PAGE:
Peter, weary from a night of fruitless toil, saw little meaning in the Lord's command to 'launch out into the deep and let down the nets' but having confessed his failure responded to the Master's word though it appeared contrary to all established methods and practices of experienced fishermen. It was as 'Master' that Peter addressed the Lord, not here as 'Teacher', for in this situation it was not instruction that Peter required but power to succeed. Peter's reaction was one of unworthiness and inadequacy, of Isa. 6. 5. Ever ready in moments of stress to rush into speech, Mark 9. 5; John 21. 3, Peter uttered the prayer 'depart from me'. His spoken prayer was unanswered but his heart's desire was met, cf Psa. 37.4. It sometimes happens that our words do not describe the true wishes of the heart and this is known to the Lord and He answers accordingly.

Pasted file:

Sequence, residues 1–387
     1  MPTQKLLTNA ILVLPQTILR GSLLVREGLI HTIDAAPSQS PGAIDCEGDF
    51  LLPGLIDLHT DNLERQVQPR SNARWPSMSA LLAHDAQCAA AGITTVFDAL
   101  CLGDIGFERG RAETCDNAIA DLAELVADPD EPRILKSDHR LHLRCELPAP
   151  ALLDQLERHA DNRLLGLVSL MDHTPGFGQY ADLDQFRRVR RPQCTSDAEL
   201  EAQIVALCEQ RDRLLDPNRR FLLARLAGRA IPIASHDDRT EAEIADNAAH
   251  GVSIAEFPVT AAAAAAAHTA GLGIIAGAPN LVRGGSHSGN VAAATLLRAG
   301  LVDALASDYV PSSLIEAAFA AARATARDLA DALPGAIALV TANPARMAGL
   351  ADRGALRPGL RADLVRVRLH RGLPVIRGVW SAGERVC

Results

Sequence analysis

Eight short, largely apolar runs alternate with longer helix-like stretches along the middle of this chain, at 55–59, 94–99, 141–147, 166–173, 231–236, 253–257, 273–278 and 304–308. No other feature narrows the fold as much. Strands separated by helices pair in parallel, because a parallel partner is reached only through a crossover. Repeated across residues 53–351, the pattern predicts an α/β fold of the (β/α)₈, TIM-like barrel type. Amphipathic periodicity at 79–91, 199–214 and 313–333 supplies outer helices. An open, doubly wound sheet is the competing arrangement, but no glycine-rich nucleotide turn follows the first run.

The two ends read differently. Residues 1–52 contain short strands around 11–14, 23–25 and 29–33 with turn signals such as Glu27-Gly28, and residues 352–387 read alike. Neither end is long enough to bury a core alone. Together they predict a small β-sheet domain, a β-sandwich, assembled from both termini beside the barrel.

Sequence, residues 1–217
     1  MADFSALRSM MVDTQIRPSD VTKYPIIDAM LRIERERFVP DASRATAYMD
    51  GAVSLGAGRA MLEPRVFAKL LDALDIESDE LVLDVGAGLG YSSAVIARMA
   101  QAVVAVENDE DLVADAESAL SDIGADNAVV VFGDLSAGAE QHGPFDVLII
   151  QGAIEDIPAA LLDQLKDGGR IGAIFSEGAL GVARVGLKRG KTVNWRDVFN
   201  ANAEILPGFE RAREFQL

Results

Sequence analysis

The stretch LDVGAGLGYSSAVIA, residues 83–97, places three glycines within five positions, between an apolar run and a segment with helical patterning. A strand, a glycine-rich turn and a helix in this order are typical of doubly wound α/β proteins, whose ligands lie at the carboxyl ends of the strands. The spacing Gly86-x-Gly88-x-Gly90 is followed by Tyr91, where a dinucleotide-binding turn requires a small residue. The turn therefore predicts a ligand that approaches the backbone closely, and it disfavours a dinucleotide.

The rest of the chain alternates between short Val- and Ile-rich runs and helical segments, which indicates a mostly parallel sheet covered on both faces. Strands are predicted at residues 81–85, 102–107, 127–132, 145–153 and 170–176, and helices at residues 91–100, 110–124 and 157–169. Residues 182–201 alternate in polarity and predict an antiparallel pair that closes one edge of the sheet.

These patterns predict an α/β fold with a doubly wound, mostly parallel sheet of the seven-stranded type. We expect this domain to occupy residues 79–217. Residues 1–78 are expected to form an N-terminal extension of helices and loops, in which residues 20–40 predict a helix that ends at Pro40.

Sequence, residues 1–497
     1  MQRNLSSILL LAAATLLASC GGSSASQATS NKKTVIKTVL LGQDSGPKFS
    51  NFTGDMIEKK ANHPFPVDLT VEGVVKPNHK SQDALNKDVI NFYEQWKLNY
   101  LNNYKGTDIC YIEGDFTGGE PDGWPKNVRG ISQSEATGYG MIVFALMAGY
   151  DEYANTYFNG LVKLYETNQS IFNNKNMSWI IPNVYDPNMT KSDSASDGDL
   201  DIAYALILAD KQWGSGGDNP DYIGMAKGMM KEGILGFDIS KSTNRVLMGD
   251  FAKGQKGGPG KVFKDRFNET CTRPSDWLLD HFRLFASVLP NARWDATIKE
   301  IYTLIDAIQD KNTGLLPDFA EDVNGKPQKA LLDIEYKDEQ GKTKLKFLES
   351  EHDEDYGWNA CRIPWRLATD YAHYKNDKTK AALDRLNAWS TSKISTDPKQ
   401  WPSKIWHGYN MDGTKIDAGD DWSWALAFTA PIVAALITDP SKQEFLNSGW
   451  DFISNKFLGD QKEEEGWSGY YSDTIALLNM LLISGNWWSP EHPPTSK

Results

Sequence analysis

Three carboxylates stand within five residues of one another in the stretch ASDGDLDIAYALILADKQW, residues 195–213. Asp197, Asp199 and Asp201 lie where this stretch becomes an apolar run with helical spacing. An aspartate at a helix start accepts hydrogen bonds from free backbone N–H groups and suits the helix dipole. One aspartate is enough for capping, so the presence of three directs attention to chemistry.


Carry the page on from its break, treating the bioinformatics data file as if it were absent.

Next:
Resigned to the Father's Will
'Abba, Father, all things are possible unto thee; take away this cup from Me: nevertheless not what I will, but what thou wilt', Mark 14. 36.
One commentator remarks, 'The story of Gethsemane, is almost too sacred to explore by methods of exegesis or exposition . . . there are things in it which have defied all explanation and have baffled every exegete. There are dim and darkling mysteries into which we cannot finally penetrate. Therefore, let it be understood that with profound reverence and becoming reticence we draw near'.
The Passover meal being ended and the customary hymn, the Hallel, sung, the little band resorted to Olivet and thence to Gethsemane. In this hour of trial the Saviour prayed an intensely solitary prayer. Having left eight disciples at the garden entrance and taking with Him the remaining three. He left them to 'go a little further' and advance into absolute loneliness and an agony which could be His alone.